Date of Graduation

12-2018

Document Type

Dissertation

Degree Name

Doctor of Philosophy in Poultry Science (PhD)

Degree Level

Graduate

Department

Poultry Science

Advisor

Dan J. Donoghue

Committee Member

Annie M. Donoghue

Second Committee Member

Casey M. Owens

Third Committee Member

Charles F. Rosenkrans, Jr.

Keywords

antibiotic alternative, Campylobacter jejuni, carvacrol, human campylobacteriosis, postharvest, poultry

Abstract

Campylobacter jejuni, a leading cause of bacterial gastroenteritis worldwide, is strongly associated with the consumption and/or mishandling of raw contaminated poultry products. Thus, interventions aiming to reduce C. jejuni counts on poultry products could greatly reduce the incidence of human campylobacteriosis. In the first study, the efficacy of a generally recongnized as safe (GRAS) compound, carvacrol (CR; derived from oregano oil), as an antimicrobial wash treatment to reduce C. jejuni on chicken skin was evaluated. Three delivery systems of CR: suspension, emulsion and nanoemulsion were used. C. jejuni counts were reduced up to 4 log10 cfu/sample by 2% dose of CR suspension at 0 h (P < 0.05). Carvacrol emulsion or nanoemulsion did not show any additional reduction in C. jejuni counts when compared to suspension.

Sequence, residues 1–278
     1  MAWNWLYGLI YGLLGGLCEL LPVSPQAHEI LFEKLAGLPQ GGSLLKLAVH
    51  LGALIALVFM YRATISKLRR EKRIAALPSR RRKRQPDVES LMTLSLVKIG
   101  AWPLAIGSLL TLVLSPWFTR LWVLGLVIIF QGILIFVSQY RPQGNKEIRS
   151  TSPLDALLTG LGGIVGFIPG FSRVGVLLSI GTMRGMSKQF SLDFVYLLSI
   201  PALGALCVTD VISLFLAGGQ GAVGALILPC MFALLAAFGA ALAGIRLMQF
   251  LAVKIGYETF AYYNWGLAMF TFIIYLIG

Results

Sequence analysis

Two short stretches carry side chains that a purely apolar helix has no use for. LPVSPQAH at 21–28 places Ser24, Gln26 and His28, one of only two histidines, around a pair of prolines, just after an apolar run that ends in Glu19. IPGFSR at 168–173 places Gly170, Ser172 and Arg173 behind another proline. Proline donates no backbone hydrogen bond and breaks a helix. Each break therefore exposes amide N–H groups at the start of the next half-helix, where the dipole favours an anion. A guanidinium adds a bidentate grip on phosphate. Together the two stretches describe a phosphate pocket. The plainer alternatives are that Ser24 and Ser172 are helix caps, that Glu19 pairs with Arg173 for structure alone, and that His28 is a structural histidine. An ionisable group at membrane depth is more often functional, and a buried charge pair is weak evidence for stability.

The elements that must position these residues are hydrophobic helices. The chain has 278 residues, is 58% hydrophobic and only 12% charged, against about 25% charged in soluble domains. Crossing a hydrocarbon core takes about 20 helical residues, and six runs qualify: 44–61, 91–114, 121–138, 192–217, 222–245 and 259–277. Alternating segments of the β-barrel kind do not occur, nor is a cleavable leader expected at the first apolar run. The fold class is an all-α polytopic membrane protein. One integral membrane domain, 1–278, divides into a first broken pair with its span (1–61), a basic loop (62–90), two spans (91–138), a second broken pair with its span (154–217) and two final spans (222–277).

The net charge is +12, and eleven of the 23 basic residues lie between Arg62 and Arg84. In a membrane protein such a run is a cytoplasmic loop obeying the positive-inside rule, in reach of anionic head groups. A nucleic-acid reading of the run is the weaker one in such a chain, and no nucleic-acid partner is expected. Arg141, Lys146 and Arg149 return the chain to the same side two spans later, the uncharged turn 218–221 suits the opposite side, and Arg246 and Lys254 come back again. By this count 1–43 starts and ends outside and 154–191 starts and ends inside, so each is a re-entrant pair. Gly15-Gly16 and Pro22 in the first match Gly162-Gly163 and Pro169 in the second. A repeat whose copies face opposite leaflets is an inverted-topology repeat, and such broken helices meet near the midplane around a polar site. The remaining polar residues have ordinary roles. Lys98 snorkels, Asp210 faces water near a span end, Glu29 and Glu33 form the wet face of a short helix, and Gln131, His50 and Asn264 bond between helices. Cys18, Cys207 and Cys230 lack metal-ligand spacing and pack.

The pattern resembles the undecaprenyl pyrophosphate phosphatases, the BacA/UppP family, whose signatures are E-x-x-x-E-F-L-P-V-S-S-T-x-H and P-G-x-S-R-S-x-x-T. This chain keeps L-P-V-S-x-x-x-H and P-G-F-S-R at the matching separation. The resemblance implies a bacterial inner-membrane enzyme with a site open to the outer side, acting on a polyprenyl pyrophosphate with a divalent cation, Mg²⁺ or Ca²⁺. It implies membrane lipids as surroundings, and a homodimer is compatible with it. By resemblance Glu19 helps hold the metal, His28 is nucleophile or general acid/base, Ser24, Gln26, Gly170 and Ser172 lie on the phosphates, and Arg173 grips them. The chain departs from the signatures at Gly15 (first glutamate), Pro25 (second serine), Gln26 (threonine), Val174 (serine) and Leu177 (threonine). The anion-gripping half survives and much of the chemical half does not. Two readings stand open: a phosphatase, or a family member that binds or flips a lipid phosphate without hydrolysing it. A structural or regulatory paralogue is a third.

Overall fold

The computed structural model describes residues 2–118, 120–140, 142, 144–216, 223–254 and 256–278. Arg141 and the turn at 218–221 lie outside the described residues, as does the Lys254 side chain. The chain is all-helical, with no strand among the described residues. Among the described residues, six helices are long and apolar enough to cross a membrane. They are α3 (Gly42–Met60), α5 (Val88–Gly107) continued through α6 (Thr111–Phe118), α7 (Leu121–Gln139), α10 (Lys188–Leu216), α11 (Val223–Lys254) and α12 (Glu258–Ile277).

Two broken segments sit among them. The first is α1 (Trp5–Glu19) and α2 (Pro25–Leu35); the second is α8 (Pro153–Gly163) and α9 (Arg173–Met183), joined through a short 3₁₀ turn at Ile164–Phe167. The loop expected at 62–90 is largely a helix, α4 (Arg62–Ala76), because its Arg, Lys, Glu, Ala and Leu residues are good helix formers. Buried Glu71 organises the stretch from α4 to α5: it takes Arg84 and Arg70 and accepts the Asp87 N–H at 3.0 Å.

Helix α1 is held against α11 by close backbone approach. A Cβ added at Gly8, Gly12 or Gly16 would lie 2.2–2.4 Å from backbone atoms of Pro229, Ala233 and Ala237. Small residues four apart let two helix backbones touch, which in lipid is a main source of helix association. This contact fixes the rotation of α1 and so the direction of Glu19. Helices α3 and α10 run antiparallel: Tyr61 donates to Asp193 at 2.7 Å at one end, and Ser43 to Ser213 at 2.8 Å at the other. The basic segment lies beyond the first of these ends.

In the second study, the efficacy of gum arabic (GA) or chitosan (CH) coatings fortified with CR to reduce C. jejuni on chicken wingettes was investigated as an additional intervention to increase the antimicrobial activity of CR. Inoculated chicken wingettes (~7.5 log10 cfu of C. jejuni/sample) were randomly assigned to baseline, control (0%), CR (0.25, 0.5 or 1%), GA (10%), CH (2%) or their combinations. After 1 min of coating, wingettes were air dried (1 h) and sampled at days 0, 1, 3, 5, and 7. All three doses of CR, CH or GA-based coating fortified with CR reduced C. jejuni from day 0 through 7 by up to 3.0 log10 cfu/sample (P < 0.05). Moreover, the antimicrobial efficacy of GA was improved by CR and the coatings reduced C. jejuni by ~1 to 2 log10 cfu/sample at day 7. In addition, CH-CR coatings reduced total aerobic counts on majority of storage time when compared with baseline. No significant difference in the color of chicken wingettes was observed between treatments. Exposure of this pathogen to sublethal concentrations of CR, CH or combination significantly modulated select genes encoding for energy taxis, motility, binding and attachment. The results suggest that GA or CH-based coating with CR could potentially be used as a natural antimicrobial to control C. jejuni in post-harvest poultry products.

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